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Junit advantages

Pradeep bhatt
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Joined: Feb 27, 2002
Posts: 8919

Hi all,

I want to know the advantages of Junit. Using Junit does not mean that less code, right ?



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Lasse Koskela
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The main advantage is that practically anyone who has done unit testing in Java has used JUnit. JUnit is so ubiquitous in that sense that I can't even name alternatives without Googling for them.

What do you mean by "less code"? If you consider the alternative "I'll write my own unit testing framework", then it's pretty obvious that JUnit means less code.


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Lasse Koskela
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...and the second major benefit is probably that all modern IDEs provide JUnit integration (running JUnit tests inside the IDE instead of launching a separate JUnit GUI or running a build script which executes the tests).
Pradeep bhatt
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Joined: Feb 27, 2002
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To test some test case using JUNIT, I will have to write code , which can I very well do without JUnit. Junit uses some assertEquals method, which can be implemented easily. I dont see any advantage?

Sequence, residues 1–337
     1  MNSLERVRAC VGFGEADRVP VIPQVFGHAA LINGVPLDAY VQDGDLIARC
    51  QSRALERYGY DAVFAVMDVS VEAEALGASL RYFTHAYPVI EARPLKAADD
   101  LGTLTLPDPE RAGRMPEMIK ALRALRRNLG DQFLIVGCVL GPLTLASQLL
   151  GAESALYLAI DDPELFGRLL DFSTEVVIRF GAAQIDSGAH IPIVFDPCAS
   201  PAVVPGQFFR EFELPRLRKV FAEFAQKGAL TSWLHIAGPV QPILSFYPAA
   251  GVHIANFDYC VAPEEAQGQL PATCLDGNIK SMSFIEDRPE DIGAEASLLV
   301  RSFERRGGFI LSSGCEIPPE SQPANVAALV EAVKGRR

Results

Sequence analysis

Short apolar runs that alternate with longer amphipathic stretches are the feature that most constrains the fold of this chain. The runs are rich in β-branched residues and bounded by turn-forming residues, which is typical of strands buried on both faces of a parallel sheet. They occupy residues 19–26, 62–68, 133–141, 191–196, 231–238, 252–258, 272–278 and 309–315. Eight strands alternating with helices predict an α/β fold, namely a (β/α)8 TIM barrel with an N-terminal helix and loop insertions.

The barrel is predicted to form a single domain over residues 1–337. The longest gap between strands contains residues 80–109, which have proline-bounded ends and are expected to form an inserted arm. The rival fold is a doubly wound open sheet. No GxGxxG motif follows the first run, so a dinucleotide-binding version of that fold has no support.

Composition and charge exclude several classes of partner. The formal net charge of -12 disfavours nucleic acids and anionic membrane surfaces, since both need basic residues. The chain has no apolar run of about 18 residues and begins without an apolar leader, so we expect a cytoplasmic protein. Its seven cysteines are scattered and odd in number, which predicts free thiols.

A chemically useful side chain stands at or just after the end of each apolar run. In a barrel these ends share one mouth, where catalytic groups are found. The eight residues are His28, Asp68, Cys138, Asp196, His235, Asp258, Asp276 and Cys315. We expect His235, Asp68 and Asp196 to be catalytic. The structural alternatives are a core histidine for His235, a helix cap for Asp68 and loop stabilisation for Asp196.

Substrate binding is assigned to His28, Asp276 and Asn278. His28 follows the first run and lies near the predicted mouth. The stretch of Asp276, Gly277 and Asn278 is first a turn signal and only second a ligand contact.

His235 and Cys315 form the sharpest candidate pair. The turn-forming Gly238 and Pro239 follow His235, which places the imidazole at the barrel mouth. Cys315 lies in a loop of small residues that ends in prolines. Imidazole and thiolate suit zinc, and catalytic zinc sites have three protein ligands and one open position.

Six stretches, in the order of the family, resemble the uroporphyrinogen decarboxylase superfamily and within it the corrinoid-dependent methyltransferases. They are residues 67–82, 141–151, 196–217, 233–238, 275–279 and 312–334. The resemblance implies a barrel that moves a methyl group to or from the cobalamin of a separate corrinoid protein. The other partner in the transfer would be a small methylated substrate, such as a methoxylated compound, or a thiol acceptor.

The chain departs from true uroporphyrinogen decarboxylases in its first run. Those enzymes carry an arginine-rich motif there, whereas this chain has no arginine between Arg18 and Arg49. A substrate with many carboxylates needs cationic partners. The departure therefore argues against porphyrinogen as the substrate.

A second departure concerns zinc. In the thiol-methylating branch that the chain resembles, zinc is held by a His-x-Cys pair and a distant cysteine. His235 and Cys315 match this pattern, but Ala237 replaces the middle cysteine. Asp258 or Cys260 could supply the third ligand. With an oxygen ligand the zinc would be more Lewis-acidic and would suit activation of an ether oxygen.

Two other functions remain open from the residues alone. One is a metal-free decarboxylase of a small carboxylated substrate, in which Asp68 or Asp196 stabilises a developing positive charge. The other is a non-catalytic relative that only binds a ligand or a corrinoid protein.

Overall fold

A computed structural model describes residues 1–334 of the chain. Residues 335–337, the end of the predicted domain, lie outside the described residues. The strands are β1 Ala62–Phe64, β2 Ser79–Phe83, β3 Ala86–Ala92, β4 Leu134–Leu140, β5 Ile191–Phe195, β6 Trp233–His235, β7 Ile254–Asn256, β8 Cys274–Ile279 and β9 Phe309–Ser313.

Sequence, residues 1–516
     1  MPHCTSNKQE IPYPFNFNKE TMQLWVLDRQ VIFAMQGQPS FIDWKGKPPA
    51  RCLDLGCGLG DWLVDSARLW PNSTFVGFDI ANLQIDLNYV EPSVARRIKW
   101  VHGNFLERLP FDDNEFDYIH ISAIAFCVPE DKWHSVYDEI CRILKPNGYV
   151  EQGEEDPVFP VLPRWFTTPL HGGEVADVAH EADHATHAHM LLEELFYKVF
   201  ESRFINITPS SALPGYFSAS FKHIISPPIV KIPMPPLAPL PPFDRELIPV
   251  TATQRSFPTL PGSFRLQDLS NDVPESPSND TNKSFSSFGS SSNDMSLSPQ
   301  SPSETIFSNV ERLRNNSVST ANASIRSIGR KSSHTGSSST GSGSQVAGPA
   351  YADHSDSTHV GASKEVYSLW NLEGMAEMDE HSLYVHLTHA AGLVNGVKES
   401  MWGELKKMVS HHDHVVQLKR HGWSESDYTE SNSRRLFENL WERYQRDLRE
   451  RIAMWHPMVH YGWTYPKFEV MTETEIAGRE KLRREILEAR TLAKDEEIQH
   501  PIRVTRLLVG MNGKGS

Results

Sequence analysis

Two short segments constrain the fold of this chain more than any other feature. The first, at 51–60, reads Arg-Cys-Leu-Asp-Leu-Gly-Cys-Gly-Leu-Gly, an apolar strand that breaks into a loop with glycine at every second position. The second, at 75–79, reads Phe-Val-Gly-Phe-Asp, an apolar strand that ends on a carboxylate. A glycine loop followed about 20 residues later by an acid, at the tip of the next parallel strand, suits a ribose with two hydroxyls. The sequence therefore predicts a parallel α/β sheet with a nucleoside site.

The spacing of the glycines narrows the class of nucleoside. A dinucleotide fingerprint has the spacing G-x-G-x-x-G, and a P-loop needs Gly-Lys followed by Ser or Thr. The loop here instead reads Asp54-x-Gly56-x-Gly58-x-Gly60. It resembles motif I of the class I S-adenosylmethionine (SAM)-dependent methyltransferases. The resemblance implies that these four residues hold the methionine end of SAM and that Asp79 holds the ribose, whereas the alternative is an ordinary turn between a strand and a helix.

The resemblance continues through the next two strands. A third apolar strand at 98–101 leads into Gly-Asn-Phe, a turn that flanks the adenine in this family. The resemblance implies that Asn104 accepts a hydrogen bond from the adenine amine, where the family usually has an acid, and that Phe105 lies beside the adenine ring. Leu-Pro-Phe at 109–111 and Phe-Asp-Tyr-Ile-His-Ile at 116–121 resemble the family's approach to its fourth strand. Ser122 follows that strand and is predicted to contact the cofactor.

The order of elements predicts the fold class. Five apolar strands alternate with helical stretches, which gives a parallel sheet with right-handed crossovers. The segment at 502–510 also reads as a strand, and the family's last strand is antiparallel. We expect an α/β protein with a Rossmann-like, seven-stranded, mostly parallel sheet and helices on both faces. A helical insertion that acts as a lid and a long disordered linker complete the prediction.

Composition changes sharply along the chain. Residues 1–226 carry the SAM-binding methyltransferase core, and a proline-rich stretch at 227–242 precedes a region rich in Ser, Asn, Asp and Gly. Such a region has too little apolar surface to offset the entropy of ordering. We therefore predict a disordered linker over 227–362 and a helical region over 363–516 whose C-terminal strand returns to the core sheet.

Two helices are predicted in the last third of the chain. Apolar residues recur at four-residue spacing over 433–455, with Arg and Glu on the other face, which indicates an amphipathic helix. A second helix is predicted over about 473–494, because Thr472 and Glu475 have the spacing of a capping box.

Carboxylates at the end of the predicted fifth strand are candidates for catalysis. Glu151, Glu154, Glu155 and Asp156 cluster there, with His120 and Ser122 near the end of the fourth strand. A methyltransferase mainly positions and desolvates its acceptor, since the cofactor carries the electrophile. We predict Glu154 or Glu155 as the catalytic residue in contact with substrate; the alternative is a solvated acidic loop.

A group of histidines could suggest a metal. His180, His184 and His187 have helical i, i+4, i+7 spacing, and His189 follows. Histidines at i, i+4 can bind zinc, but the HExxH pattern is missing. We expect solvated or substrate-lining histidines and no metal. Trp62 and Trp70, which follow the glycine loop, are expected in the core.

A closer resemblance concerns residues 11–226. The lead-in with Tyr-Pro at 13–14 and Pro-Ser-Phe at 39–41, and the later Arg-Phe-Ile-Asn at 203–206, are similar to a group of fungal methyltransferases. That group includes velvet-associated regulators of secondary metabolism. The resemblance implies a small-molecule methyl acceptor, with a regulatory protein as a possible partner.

Pradeep bhatt
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Originally posted by Lasse Koskela:
...and the second major benefit is probably that all modern IDEs provide JUnit integration (running JUnit tests inside the IDE instead of launching a separate JUnit GUI or running a build script which executes the tests).


Yes, Eclipse integrates very well with JUnit.
Lasse Koskela
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Originally posted by Pradeep Bhat:
To test some test case using JUNIT, I will have to write code , which can I very well do without JUnit. Junit uses some assertEquals method, which can be implemented easily. I dont see any advantage?

The utility methods for asserting different things is not important. Most of the value provided by JUnit comes from the TestRunner which runs your tests, collects test results, produces XML output for further processing, etc.

It's not rocket science, but it's still work you don't need to do.
Kishore Dandu
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Joined: Jul 10, 2001
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I felt most of its applicability in testing the business related classes and where we need to test the output of a server side algorithm etc.
(basically useful on server side with respect to J2EE realm).

But it is hands down the best unit testing tool for Java.


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Jeanne Boyarsky
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To test some test case using JUNIT, I will have to write code , which can I very well do without JUnit. Junit uses some assertEquals method, which can be implemented easily. I dont see any advantage?